The Senate Finance Committee approved legislation that creates a procedure for sole proprietors, partners, officers of corporations, and members of limited liability companies engaged in the construction industry to file for an exemption from obtaining workers' compensation insurance on themselves. The legislation, Senate Bill 3591, comes after the General Assembly voted earlier this year to suspend a new law requiring sole proprietors and partners engaged in the construction industry to carry workers' compensation coverage on themselves. The new law was suspended due to unintended effects of the measure.
The legislation represents a consensus of all parties after several months of negotiations between those impacted by this matter. It is designed to address concerns over gaps in coverage and provides exemptions so that small businesses will not be harmed. It also addresses provability, verifiability and accountability in our state's worker's compensation law.
The proposal aims to address gaps in coverage for workers in the various construction fields without harming small business owners. The bill reinstates the requirement that sole proprietors and partners engaged in the construction industry carry workers' compensation insurance on themselves but provides a mechanism for exemption.
Those eligible for the exemption, include:
- Up to three officers of a corporation
- Certain members of a limited liability company, if they own at least 30 percent of the company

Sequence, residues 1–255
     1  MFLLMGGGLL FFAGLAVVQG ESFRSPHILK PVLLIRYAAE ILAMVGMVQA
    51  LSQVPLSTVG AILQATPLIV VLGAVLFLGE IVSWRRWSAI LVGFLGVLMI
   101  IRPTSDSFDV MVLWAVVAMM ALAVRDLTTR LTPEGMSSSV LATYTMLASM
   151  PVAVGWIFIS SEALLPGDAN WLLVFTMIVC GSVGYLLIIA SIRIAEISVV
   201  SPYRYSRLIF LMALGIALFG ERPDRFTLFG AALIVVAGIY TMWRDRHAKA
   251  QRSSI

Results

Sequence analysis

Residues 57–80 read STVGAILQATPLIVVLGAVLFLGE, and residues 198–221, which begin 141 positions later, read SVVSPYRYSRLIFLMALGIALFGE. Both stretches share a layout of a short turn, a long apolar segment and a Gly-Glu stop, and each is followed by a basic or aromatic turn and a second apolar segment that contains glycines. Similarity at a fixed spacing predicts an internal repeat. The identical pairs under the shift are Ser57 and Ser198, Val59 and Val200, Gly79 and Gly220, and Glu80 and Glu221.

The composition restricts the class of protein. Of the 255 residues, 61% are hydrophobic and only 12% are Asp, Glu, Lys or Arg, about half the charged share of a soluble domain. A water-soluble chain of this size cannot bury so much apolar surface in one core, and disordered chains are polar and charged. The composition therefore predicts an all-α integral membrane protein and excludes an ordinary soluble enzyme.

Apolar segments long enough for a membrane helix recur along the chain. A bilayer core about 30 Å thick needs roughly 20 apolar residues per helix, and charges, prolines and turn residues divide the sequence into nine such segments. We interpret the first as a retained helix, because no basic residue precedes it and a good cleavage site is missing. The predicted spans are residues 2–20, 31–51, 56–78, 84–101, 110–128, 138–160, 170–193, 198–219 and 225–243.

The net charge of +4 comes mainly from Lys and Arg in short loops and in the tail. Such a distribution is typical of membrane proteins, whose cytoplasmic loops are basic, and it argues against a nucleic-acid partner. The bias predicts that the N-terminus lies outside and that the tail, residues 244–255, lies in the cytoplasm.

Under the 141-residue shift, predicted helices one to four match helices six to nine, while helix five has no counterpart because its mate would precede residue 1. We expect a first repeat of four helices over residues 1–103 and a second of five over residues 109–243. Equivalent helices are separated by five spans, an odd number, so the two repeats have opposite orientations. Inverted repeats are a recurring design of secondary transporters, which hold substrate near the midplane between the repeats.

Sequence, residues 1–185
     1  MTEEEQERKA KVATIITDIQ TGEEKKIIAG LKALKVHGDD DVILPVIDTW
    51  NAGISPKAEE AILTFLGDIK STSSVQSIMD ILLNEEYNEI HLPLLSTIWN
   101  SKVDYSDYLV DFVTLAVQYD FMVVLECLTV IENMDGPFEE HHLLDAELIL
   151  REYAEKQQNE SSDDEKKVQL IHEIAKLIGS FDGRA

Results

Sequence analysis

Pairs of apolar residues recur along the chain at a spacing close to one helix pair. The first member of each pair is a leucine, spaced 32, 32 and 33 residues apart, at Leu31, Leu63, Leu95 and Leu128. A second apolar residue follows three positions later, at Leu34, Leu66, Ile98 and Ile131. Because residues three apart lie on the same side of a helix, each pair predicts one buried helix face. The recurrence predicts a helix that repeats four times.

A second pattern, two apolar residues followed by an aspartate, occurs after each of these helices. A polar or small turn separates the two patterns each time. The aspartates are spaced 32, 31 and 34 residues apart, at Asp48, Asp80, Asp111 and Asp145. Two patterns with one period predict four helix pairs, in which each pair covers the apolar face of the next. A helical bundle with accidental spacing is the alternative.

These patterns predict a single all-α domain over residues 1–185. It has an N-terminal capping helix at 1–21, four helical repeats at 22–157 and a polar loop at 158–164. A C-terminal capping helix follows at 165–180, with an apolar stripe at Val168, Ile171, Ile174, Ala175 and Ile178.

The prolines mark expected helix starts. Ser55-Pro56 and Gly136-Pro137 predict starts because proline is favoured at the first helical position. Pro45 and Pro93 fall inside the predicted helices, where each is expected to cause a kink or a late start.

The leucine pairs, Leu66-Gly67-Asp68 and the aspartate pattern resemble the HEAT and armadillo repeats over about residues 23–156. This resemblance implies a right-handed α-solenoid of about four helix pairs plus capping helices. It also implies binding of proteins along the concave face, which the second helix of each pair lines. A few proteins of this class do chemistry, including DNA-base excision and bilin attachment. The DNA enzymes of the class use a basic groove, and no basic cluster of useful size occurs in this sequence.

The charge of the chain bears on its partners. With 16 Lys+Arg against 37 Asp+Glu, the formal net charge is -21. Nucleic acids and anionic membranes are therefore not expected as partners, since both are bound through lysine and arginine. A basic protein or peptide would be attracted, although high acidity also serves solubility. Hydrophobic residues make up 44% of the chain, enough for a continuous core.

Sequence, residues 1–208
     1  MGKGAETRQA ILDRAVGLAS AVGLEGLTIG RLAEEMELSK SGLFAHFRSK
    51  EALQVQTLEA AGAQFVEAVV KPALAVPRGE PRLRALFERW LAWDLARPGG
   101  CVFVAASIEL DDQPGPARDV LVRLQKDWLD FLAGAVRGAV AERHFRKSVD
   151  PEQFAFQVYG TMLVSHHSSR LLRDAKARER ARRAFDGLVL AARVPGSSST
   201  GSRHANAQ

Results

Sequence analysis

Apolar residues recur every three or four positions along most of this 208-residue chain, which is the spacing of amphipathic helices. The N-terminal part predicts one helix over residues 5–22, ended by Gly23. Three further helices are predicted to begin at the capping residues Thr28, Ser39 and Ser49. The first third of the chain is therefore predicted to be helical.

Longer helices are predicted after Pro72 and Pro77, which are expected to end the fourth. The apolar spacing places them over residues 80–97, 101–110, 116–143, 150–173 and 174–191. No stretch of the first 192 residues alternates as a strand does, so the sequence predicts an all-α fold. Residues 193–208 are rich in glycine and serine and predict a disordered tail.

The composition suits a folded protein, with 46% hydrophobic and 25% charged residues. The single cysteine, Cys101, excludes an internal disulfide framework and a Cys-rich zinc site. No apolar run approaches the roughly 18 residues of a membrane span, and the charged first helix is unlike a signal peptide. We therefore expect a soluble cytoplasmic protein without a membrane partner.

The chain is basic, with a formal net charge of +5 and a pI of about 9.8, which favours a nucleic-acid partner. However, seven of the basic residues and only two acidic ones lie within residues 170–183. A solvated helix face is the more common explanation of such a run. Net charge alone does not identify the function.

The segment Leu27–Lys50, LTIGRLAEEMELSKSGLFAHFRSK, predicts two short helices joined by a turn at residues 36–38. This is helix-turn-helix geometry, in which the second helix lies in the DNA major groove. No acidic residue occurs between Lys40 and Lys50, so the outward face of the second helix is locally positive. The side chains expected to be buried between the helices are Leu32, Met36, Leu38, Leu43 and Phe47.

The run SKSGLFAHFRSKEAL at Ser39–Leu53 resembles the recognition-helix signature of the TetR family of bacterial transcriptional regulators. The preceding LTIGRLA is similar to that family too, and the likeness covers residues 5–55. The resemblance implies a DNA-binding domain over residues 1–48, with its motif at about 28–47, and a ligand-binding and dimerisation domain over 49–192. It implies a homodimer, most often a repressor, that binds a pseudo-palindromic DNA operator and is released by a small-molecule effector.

- Partners that own at least 30 percent of a limited partnership
- Sole proprietors
- Up to three members of a family-owned business
The bill requires any construction services provider requesting exemption, which has not been issued a valid license from the Board of Licensing Contractors, to obtain first a construction services provider registration from the Secretary of State. They may then apply to the Secretary of State's office either in person or online for an exemption. No more than three persons on any one commercial job are eligible for an exemption. The bill also requires the provider requesting an exemption be current in paying all taxes.
The cost, under the bill, would total $200 every two years for a construction service provider registration and exemption. A construction service provider that has been issued a license by the Board of Licensing Contractors would pay $100 every two years for an exemption. Costs incurred by a construction service provider will be significantly less than a worker's compensation insurance premium based on the construction service provider's payroll. The bill also increases the penalties against an employer engaged in the construction industry who fails to comply with the law.
Finally, the bill creates an offense for an employer knowingly to coerce a job applicant to obtain a worker's compensation exemption or to fire an employee due to failure to receive an exemption. The proposal establishes a task force that will study the effects of employee misclassification in the construction industry.
The bill is supported by the National Federal of Independent Businessmen and the Home Builders Association of Tennessee.